It’s the kind of due diligence that may cause brokers short-term pain, but many are acting nonetheless as the voice of reason for a growing number of clients caught up in bidding wars and in real jeopardy of compromising their futures.
“We’re stress-testing clients at five per cent interest rates and showing them why maxing out their pre-approval in order to win a house in a bidding war could cost them their home in five years,” said Deon Yu, a Toronto mortgage planner with Mortgage Architects. “It’s not something they may want to hear because they really love the house, and it may not be in our own immediate interest, but they’ll appreciate that a mortgage broker was looking out for them and that leads to future business and referrals.”
It’s the kind of bitter pill more and more brokers are having to force feed over-exuberant clients in Toronto and other hot markets where demand outstrips supply and prices have risen by as much as nine per cent in the last year.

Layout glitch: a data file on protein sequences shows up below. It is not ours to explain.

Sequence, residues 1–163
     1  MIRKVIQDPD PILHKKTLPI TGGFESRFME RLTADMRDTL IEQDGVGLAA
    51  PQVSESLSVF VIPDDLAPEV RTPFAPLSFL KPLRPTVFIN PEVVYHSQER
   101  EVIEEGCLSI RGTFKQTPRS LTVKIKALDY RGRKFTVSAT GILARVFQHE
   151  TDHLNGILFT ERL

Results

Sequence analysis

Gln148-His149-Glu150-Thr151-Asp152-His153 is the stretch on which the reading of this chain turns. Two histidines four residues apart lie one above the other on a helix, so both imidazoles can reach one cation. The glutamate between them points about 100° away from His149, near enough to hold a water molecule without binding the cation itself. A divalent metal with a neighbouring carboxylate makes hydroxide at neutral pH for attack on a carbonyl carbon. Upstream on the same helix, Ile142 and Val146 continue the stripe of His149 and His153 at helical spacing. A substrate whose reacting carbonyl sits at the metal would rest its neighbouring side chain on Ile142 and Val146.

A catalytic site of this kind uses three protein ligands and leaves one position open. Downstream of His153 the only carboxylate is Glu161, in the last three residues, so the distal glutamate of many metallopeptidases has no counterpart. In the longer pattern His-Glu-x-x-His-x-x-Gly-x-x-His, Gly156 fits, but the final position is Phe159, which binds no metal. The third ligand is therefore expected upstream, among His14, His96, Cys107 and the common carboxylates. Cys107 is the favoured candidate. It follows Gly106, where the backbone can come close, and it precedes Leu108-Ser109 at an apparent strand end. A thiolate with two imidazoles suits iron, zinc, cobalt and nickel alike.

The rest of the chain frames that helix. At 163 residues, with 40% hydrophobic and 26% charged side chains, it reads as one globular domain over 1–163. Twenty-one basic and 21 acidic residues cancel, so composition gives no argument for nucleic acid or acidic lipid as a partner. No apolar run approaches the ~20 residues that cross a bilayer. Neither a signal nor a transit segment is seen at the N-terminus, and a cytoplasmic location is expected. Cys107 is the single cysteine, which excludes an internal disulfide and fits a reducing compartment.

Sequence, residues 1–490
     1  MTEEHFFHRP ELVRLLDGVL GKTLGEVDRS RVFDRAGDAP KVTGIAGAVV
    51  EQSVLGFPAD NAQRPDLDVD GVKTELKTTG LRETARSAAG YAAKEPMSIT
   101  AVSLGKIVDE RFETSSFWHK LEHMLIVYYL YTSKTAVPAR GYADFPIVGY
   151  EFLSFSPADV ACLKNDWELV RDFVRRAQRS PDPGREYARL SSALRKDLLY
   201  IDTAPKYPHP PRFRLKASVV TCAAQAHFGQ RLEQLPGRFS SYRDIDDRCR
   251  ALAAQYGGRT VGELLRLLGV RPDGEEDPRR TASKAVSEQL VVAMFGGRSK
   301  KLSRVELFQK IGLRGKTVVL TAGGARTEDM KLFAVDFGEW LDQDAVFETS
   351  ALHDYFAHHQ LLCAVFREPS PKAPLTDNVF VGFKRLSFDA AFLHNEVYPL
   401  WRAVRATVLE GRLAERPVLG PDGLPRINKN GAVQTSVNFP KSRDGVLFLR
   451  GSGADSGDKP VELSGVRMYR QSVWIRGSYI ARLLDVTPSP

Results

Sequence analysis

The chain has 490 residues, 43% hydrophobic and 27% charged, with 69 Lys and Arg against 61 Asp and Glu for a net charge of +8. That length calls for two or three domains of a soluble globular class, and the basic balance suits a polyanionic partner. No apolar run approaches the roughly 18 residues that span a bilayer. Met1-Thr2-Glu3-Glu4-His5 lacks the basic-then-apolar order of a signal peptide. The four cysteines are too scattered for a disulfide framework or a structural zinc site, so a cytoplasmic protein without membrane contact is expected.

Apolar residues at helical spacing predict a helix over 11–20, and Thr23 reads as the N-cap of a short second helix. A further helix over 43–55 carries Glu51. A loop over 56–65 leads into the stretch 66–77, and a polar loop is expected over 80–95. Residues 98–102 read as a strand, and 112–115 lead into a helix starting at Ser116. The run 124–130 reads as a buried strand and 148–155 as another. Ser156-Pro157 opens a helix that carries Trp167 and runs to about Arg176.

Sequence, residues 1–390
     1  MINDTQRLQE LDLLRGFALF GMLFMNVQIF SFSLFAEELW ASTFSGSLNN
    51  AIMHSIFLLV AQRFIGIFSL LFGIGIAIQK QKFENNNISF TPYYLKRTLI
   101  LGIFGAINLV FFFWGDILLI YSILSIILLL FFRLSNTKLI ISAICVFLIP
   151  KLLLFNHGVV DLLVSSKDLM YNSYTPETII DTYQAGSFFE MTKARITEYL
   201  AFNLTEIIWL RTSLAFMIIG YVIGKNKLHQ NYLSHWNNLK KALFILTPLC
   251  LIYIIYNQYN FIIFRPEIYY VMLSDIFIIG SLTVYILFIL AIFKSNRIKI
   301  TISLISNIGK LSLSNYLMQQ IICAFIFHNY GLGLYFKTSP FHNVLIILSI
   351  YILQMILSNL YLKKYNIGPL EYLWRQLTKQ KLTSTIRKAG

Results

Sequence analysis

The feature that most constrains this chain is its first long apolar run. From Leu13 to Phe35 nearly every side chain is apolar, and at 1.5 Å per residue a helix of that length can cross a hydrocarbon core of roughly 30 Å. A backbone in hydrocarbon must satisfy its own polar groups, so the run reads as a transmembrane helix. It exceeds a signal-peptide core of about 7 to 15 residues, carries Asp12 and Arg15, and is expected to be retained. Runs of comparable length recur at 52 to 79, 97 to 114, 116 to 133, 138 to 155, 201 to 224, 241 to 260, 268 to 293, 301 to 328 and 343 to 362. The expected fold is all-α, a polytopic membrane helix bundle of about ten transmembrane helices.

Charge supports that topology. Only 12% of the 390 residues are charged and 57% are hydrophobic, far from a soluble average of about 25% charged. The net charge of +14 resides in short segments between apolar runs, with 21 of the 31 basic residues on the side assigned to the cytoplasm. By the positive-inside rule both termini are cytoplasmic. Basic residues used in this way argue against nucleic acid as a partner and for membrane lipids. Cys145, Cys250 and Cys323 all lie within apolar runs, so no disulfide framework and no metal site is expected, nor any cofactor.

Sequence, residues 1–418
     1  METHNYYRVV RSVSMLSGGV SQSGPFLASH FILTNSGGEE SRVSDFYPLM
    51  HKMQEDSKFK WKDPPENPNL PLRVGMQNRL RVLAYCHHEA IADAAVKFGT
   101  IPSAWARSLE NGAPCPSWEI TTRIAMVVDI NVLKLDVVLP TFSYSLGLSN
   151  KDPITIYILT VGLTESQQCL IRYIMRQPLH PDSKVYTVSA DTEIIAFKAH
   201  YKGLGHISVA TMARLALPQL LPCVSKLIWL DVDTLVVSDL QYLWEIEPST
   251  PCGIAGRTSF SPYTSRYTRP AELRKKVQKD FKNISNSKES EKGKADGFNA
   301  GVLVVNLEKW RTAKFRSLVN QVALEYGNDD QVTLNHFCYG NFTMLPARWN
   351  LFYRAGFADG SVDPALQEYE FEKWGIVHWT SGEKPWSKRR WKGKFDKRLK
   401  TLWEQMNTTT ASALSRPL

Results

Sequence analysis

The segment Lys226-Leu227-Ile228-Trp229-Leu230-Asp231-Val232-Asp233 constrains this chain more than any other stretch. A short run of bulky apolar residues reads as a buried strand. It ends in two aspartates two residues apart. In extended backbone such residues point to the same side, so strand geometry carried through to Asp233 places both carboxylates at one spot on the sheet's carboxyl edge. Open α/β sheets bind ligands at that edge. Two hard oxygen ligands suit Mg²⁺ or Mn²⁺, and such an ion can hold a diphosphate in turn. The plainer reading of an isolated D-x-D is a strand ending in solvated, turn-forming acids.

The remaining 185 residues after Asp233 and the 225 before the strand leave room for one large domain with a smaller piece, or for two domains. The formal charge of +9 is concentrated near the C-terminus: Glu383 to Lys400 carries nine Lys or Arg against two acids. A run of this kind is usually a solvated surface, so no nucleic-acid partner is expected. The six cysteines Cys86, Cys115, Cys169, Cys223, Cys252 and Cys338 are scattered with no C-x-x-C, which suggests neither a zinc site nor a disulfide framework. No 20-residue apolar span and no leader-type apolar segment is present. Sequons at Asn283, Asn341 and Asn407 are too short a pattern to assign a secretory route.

Sellers are generally the winners in that scenario, netting, in some cases, 10 – 40 per cent over asking.
While default insurers are increasingly putting the kibosh on those purchase plans, insisting on full appraisals that industry insiders argue are more conservative than even a year ago, brokers are frequently having to counsel clients from maxing out their financing in order to beat out other bidders.
Brokers are, indeed, willing to step up to the plate to stress-test client finances at the interest rates inevitably over the horizon, ING Direct’s Kim Luxton told MortgageBrokerNews.ca last year.
Many industry insiders see that kind of intervention as one of the value-adds brokers bring to the mortgage transaction – above and beyond what their road rep counterparts are providing.
Stress testing and having that difficult talk with clients is even more important if they’re approaching retirement age and future revenue may actually fall rather than rise – the reverse phenomenon, said Yu, means the client may will have the option of using all the financing available to them.
Still, he and others, no matter how cautious – how duly diligent – stop short of endorsing OSFI’s guideline proposal pegging a borrower’s eligibility to their age and how close they are to retirement.
“I can’t say I agree with that,” he told MortgageBrokerNews.ca.